A souring economy, the federal budget impasse and second thoughts about the U.S. troop deployment in the Persian Gulf have pushed public confidence in the condition of the country to its lowest level in nearly two decades, according to a Washington Post-ABC News Poll.

President Bush's popularity is in a nosedive. The poll found that 56 percent of those questioned approved of the job he is doing as president -- the lowest point of his presidency and 19 points lower than it had been a month before.

Even with this steep drop, however, Bush's current level of popularity remains higher than the average -- roughly 50 percent -- for post-World War II presidents just before a midterm election.

More ominously for the incumbent administration, the Post-ABC survey also found that nearly eight out of 10 persons questioned -- 79 percent -- said the country was "pretty seriously off on the wrong track." Only 19 percent said the country was headed in the right direction, about half the percentage that expressed a similarly positive view just a month ago.

That was the most pessimistic reading of the overall national mood since The Post and ABC began asking the question in 1982. It also marked the most negative result found in a major poll since 1974, when the Arab oil embargo and the Watergate crisis gripped the country.

Pollster Robert M. Teeter, whose private surveys for the Republican National Committee have found a similar decline in the president's job approval rating, predicted that Bush's abrupt and steep fall in public approval will soon halt. "We will get a budget agreement and the pattern {of declining approval} will resolve itself," he said.

Others said the decline is more serious for Bush because it is connected to larger concerns about the country. "What this shows is that the president's popularity is broad but shallow," said Duke University political scientist James David Barber. He added: "My guess is that the Iraqi crisis got people to turn off their kids' Nintendos and pay attention to the news, and now that they're paying attention, they're noticing a whole lot of stories they don't like -- such as the coming recession and the budget-deficit impasse."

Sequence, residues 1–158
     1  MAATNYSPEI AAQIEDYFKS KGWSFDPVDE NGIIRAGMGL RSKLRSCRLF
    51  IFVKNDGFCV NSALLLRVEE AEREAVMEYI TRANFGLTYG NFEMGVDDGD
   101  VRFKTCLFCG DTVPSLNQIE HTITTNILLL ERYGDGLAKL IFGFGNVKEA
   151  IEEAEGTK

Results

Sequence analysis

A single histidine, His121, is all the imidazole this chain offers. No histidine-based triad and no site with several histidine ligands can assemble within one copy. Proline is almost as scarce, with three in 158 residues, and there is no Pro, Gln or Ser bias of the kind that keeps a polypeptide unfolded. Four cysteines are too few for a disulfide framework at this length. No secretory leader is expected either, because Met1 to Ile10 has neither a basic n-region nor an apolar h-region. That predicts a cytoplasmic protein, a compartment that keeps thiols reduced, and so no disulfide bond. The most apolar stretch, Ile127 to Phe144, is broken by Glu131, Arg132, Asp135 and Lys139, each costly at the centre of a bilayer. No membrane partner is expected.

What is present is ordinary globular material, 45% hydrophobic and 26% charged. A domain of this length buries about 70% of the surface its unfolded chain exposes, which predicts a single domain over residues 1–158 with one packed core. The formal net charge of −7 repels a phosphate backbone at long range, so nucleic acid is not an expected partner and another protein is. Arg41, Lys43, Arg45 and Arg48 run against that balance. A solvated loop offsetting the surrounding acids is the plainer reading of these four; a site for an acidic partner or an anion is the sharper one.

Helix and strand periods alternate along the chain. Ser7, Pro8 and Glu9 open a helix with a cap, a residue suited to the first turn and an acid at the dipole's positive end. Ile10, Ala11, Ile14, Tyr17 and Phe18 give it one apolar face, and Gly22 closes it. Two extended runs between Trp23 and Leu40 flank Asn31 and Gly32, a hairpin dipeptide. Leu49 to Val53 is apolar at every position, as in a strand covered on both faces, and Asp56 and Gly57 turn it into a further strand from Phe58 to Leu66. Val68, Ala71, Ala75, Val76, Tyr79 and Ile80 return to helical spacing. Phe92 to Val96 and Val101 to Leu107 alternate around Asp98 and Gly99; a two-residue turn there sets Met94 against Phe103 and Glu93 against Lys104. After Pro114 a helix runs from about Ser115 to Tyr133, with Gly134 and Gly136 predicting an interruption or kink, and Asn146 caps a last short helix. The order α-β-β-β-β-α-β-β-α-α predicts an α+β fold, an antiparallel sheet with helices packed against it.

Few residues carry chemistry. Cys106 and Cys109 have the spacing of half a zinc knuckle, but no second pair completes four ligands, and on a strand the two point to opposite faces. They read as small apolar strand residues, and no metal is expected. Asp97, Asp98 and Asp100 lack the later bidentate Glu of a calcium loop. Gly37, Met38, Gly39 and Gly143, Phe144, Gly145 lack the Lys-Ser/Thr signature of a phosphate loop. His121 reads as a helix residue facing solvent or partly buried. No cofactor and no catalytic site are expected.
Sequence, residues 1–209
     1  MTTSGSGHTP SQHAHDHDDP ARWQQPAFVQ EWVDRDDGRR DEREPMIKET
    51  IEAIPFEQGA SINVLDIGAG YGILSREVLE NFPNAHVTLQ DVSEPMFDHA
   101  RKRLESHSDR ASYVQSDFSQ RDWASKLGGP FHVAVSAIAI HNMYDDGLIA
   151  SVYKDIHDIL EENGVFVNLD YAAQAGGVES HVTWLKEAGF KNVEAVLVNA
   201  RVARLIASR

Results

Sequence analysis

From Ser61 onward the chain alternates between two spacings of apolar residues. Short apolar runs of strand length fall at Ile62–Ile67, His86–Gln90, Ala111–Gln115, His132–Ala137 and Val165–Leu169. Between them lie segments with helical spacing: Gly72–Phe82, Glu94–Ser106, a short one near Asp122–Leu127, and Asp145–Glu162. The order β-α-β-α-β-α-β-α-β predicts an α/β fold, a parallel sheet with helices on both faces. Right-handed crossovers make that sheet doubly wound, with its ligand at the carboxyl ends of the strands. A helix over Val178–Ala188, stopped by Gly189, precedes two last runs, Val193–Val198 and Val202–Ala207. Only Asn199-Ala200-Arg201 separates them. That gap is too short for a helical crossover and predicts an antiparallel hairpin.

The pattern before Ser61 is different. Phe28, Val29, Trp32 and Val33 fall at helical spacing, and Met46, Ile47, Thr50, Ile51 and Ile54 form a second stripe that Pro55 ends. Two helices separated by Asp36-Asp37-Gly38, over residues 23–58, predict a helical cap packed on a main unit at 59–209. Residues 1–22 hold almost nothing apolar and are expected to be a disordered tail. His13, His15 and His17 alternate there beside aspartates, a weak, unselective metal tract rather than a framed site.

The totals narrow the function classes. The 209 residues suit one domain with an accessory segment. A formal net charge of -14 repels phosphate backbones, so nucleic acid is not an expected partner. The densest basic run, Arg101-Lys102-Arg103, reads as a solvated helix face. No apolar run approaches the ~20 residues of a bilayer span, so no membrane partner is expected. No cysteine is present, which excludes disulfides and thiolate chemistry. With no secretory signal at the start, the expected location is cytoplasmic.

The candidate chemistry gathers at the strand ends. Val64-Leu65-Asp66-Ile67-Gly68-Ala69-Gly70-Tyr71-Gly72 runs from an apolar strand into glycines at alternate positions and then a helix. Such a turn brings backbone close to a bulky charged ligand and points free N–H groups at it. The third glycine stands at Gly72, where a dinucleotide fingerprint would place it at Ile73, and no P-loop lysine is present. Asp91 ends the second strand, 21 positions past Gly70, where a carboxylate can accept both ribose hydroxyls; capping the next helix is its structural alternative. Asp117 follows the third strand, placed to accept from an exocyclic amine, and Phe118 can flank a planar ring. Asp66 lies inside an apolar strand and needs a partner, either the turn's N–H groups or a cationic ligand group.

Several other media polls taken in the past week reported a similar 15- to 20-percentage-point drop in the president's approval rating since August.

According to the Post-ABC poll, the percentage of Americans who believe the economy is worsening increased from 64 percent to 77 percent in the past month. The proportion who disapprove of the way Bush is handling the economy also increased, from 41 percent to a record high of 58 percent in just over a month.

At the same time, public support for U.S. involvement in the Persian Gulf has fallen sharply.

The latest Post-ABC poll found that 60 percent of those questioned said the United States should keep military forces in the gulf region until Iraq withdraws its troops from Kuwait. Just five weeks ago, 75 percent favored keeping troops in the gulf to force Iraq out of Kuwait.

Support for Bush's handling of the gulf crisis has dropped from 78 percent in September to 64 percent in the most recent survey. And for the first time, a majority of Americans now doubt that the economic embargo -- the centerpiece of the administration's efforts to force Iraq to abandon Kuwait -- will work.

"I think it was the right move," said Maria Lopez, a computer analyst from Brooklyn, of deployment in the gulf, "but nothing's happening. We boycott this and we boycott that, but nothing happens. Do something. Go ahead and do something."

Post-ABC surveys over the past 10 months show a consistent downward spiral in optimism throughout the year, though the recent 17-percentage-point decline represented the largest single drop in the past 10 months.

While the precipitous drop in public confidence has occurred among all demographic groups, it has been sharpest among those most vulnerable to bad economic times: lower income and less well-educated Americans. For example, among those with household incomes of less than $20,000 a year, the percentage saying the country was headed in the right direction fell from 41 percent in January to 13 percent in the most recent survey.

Bush's approval rating, which peaked at 79 percent in January's Post-ABC News poll, following the Panama invasion, has undergone the steepest decline among the elderly and blacks -- traditional bulwarks of the Democratic Party coalition.

Among those over age 60, approval for Bush's job performance dropped from 77 percent in January to 45 percent in the most recent poll.

Among blacks, his ratings fell from 74 percent to 37 percent.